Peter Brötzmann Sextet / Quartet ‎– Nipples (1969)

I’m a pretty late on the uptake here, but being nomadic (NYC>London>NYC>Chicago>FL>Mexico City) since early September has forced things to the wayside. I haven’t gotten a chance to highlight the remarkable occurrence of Peter Brötzmann’s Nipples vinyl reissue. It seems like it hit the racks in December, but there’s been very little mentioned of it in the press or music journals. Something that confounds me. First released in 1969, and out of print for most of the years since, Nipples is the stuff of legend. A Free-Jazz holy grail for many, including myself. Unlike Brötzmann’s other releases from this period, which were largely on FMP or his own label BRÖ, Nipples was was issued by the Munich based label Calig. Their catalog is eclectic, but had a short focus on Free Jazz in the late sixties and early 70’s. They released albums by Marion Brown, Karl Berger, Gunter Hampel, and Pierre Favre. This time around it finds form on the excellent Cien Fuegos, a Vienna based subdivision of Trost, which has been making great strides reissuing Brötzmann’s back catalog for the past few years. Their releases tend to be a little pricey, but they do a great job and are totally dedicated to quality. It’s worth it.

As I’ve mentioned in the past, because of my dedication to its American cousin, European Free-Jazz was something I resisted for many years. Peter Brötzmann was central to breaking me down. I heard about Nipples when Thurston Moore’s Top Ten Free Jazz Underground started circulating in the mid 90’s. The album was number eight on the list, and one of the few I hadn’t heard. All of the albums on Thurston’s Top Ten (actually fourteen) are rare, but Nipples was (and has remained) nearly impossible to find. I didn’t know anyone that had a copy, and didn’t hear it until it was issued on CD in 2000.  The album quickly showed the error of my ambivalence and became a fast favorite. Recorded over two nights and partially at Conny Plank’s legendary Rhenus Studio, the album features one of the greatest lineups of European improvisers ever assembled – Brötzmann, Han Bennink, Derek Bailey, Fred Van Hove, Evan Parker, and Buschi Niebergall.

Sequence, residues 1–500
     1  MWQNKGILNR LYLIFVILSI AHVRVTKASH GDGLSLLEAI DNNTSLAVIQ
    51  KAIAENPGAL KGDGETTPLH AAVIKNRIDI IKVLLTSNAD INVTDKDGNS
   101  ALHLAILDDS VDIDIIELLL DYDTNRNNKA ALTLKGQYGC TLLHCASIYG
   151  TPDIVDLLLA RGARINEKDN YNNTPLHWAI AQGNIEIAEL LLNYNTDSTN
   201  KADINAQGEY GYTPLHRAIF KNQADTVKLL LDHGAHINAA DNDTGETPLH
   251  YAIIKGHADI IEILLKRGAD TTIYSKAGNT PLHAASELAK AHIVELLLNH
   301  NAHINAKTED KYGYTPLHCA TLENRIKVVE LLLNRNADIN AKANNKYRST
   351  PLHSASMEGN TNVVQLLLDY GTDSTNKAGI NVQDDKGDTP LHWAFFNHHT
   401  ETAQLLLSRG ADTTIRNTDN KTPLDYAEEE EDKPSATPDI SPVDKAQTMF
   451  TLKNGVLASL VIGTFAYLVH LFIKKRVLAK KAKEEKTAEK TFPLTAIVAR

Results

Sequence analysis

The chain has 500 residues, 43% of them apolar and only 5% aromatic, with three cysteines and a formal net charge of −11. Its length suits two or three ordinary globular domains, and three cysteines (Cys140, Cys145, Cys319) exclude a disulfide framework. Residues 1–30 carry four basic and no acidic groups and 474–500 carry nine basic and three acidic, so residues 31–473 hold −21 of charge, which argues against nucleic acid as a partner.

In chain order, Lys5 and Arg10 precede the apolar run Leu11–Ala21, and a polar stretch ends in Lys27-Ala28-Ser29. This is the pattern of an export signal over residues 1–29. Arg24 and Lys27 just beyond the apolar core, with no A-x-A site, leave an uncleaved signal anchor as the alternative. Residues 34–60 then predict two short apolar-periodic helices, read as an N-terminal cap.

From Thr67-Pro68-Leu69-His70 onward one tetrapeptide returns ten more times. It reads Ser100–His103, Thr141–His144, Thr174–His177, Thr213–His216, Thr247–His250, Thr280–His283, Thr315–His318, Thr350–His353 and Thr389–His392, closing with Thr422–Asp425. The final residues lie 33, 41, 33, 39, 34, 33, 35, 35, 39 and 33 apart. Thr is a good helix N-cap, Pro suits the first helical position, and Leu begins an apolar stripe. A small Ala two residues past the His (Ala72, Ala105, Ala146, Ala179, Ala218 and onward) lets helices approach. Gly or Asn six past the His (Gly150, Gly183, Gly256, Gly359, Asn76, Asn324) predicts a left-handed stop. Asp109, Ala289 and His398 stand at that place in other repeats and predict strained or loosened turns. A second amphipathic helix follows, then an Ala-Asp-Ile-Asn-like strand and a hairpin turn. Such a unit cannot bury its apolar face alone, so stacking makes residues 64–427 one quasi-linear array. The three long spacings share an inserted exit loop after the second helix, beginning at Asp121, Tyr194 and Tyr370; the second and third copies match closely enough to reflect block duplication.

Nipples is comprised of two single-side improvisations, the title track, and Tell a Green Man on the second side.  Nipples is what people expect of Brötzmann. It’s raw energy and fire, blasting out of the speakers, and pushing you into a wall. I’ve seen Brötzmann play more times than I can count. Over the years, he hasn’t lost an ounce of spirit and energy, but he has become a more soulful, introspective player. The album is a window into a different vision of the man. His playing is raw, brittle, and aggressive. The interplay he instigates feels like a knife fight. Sonorities scrape against each other, while dysfunctional rhythms push toward a rising sea of sound. Bailey and Van Hove are slightly buried in the mix, but their relationship is wonderful. Each note is shocking – as much in rhythm as tone. They bounce against each other, laying an unsettling ground for the more overt fire of their collaborators. Though undeniably of Brötzmann’s vision, Tell a Green Man is less characteristic. It’s restrained and closer to the sort of gestures you are likely to find on Incus over FMP. Ironically, Bailey was absent from this session. For me, the second side makes the album. Green Man finds its contributors on slightly more even footing and in closer conversation. Though very much the same sonic territory of its predecessor, rather than an aggressive confrontation, the spirit of collaboration and responsiveness comes forward. The players slow down, lock together, as remarkable intellect oozes from every note. Again Van Hove’s piano playing is the under-acknowledged foil. Every note he drops into the mix is incredible. Brötzmann is in perfect form. Though more restrained, he manages to lose nothing in the transition. His raw energy, and latent anger, are more aware than ever. Wound like an elastic band, waiting to be let loose.

Despite being an avid collector of Free-Jazz records, I believe it’s a music best heard live. As great as they are, few albums are capture what happens in the room. Nipples is an undeniable exception. It’s the great document of this incredible generation. Few can match it. If you were going to own a single album of European free improvisation, I would make this the one. If you’re in NYC Record Grouch usually stocks all of Cien Fuegos’ releases. If you’re in London pick it up at Cafe Oto’s well curated shop. Or you can buy it online in Europe at Sound Ohm, or in the US at Superior Viaduct.  Get it before it goes. I can’t recommend it enough.




-Bradford Bailey


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